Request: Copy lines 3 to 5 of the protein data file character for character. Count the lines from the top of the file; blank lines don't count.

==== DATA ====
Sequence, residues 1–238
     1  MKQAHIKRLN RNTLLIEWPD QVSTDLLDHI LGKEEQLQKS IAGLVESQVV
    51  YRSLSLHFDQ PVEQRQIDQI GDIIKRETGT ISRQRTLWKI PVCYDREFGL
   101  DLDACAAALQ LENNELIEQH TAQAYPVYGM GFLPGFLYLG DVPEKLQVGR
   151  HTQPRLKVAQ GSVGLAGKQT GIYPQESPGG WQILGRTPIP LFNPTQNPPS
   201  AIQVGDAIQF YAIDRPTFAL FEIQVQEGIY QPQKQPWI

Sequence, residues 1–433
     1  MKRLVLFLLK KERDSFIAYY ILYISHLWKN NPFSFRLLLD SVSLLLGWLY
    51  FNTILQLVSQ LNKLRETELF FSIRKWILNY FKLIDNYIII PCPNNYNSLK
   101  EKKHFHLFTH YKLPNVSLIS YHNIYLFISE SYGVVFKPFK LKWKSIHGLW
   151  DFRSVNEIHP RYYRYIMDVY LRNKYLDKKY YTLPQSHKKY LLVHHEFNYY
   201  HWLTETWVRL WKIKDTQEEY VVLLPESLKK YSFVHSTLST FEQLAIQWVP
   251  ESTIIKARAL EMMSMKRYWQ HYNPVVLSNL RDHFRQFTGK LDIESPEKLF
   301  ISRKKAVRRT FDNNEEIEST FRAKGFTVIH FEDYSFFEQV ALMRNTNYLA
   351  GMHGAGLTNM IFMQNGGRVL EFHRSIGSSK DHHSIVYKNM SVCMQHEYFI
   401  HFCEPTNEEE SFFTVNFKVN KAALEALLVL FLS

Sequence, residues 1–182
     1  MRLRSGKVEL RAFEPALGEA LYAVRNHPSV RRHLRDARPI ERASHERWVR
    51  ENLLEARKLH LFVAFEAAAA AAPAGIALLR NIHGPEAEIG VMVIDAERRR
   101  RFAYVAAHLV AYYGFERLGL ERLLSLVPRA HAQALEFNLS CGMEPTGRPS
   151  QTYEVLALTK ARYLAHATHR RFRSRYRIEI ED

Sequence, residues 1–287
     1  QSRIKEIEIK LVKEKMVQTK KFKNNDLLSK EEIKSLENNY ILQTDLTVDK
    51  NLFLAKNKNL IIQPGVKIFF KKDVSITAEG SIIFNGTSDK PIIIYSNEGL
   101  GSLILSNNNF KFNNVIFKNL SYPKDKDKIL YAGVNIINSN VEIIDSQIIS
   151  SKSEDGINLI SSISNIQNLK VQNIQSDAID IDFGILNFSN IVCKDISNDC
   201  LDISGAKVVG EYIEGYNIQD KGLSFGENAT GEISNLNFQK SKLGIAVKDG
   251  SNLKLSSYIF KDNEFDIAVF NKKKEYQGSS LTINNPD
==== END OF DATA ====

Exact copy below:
    51  YRSLSLHFDQ PVEQRQIDQI GDIIKRETGT ISRQRTLWKI PVCYDREFGL
   101  DLDACAAALQ LENNELIEQH TAQAYPVYGM GFLPGFLYLG DVPEKLQVGR
   151  HTQPRLKVAQ GSVGLAGKQT GIYPQESPGG WQILGRTPIP LFNPTQNPPS